<Edited July 14>
Since May I have been telling people that they would have to wait for details of the new Microsoft Office 2010 applications coming down the pipe. Yesterday the veil was lifted, as the beta program was made available to a wider audience. With that I would like to share some of my favorite improvements in Office 2010.
In Office 2007 we were introduced to the Ribbon Toolbar, as well as the Office Pearl which replaced a great number of menus. The BackStage in Office 2010 is the new iteration of the Office Pearl; Click on the Office button in the top-left corner of your window and the back-stage appears, allowing us a host of tools to configure both your document and application. As this screen shot from my Outlook shows our top-level choices include account settings, automatic replies, mailbox clean-up, manage rules and alerts, and because Outlook 2010 is designed to work with Exchange 2010 including Unified Messaging, we can manage our voice mail from here, should you have that configured. We also find all of the options we traditionally found in the Office Pearl (or previously in the File Menu), such as Open, Save, Print, and Options.
One of the greatest complaints I have heard about Outlook has always been performance… depending on a number of factors (including but not limited to the size of your mailbox/profile) it could be relatively slow, taking at times anywhere from 20 seconds to over a minute to connect to my Exchange Server. That has certainly not been the case with Outlook 2010, connecting in under five seconds every time I load it up!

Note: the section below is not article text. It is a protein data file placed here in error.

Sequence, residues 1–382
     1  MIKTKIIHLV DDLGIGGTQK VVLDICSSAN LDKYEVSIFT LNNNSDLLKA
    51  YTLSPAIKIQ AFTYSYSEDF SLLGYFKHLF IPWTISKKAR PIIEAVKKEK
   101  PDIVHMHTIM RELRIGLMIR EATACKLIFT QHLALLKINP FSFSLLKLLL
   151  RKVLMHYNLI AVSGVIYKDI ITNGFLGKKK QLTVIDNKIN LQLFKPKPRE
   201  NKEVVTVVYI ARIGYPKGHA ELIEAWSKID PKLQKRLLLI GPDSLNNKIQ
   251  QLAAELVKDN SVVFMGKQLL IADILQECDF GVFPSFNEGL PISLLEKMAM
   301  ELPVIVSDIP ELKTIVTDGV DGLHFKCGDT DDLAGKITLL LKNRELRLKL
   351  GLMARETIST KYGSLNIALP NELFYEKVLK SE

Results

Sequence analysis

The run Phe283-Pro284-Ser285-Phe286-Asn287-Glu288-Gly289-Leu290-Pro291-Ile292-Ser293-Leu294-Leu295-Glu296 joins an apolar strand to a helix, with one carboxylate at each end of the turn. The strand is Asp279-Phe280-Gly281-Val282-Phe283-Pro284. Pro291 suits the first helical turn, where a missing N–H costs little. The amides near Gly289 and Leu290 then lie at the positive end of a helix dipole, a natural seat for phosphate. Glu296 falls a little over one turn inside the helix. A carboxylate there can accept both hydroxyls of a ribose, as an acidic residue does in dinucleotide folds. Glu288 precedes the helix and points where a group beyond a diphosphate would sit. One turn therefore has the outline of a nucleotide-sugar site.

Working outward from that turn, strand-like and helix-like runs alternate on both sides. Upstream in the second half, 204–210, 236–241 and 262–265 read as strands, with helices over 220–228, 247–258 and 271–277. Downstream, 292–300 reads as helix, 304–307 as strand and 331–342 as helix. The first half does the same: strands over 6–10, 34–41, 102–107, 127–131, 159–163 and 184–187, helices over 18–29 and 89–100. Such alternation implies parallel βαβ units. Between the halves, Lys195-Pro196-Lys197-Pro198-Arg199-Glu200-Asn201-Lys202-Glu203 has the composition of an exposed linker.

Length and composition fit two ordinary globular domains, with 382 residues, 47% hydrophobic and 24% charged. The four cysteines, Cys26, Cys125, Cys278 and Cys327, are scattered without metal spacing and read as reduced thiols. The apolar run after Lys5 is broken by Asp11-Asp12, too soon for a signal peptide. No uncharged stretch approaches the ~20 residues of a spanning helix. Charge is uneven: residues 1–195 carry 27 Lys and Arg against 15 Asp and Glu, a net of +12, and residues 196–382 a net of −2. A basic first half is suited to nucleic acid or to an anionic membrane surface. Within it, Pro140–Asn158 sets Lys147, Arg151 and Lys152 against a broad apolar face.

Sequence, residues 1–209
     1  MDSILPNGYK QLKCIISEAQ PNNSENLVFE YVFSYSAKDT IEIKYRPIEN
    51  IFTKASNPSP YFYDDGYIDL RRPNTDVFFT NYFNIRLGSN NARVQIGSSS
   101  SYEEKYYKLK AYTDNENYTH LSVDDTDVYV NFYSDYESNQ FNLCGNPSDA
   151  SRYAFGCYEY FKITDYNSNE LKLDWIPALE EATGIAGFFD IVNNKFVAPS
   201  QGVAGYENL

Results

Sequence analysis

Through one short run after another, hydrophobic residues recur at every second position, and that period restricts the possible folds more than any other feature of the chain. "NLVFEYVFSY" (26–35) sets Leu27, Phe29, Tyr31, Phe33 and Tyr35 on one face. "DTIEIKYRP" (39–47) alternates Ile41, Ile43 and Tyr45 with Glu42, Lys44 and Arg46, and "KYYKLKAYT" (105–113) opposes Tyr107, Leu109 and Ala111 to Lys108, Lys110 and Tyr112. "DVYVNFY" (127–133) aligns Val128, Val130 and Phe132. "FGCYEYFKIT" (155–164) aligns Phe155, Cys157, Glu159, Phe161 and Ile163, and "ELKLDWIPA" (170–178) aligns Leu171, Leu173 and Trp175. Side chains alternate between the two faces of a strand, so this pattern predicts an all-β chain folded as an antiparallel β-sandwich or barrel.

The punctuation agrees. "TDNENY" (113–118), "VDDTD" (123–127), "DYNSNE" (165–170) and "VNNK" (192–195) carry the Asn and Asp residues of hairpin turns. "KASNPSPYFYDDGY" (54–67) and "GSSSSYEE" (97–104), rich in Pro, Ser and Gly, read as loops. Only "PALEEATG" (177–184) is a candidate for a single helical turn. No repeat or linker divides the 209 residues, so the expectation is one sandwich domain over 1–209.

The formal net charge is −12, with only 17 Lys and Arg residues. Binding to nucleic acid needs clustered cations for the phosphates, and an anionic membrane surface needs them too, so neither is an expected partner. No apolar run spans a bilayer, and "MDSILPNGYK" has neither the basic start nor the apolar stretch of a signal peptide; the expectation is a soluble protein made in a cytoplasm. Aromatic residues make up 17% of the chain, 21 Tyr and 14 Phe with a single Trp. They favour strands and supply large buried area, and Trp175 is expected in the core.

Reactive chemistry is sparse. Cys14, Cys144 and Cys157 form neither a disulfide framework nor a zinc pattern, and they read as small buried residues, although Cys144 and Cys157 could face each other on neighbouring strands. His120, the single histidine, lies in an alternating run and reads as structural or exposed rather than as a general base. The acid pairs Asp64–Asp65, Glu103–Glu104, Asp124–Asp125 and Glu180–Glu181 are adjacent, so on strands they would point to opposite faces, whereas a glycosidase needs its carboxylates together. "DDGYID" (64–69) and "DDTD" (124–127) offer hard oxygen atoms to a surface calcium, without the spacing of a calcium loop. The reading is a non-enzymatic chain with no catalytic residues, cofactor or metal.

Speaking of loading it up, the Splash Screen on Office 2010 programs have the familiar minimize and close icons in the top corner, which can be helpful in some cases.
64-Bit… Welcome to the Future!
In Barcelona in 2006 Bill Gates announced that the future of Microsoft was 64-bit. The problem as many of us saw it was that most – if not all – of our applications (especially on the desktop) were still 32-bit, and the subsequent release of Office 2007 as a 32-bit application did not change that. Many of us hopped on the x64 bandwidth early on, and most of us found our way back to the more comfortable x86 operating system, at least for the time being. The announcement that Office 2010 would be released in both 32-bit and 64-bit versions offered hope… and in this writer’s experience the 64-bit version delivers on the performance, while the 32-bit version still shows great improvements over its predecessor. (My 32-bit Dell Inspiron Mini 9 has a Windows Experience Rating of 1.5 and still performs admirably).
Customize your Ribbon Toolbars!
I point out that the now familiar (and hopefully comfortable) Ribbon Toolbar has been expanded across the Office suite, including to Outlook. As was the case in Word and Excel three years ago it took me a little while to get used to it, but now that I have been using it for a few months I am definitely loathe to return to legacy menus.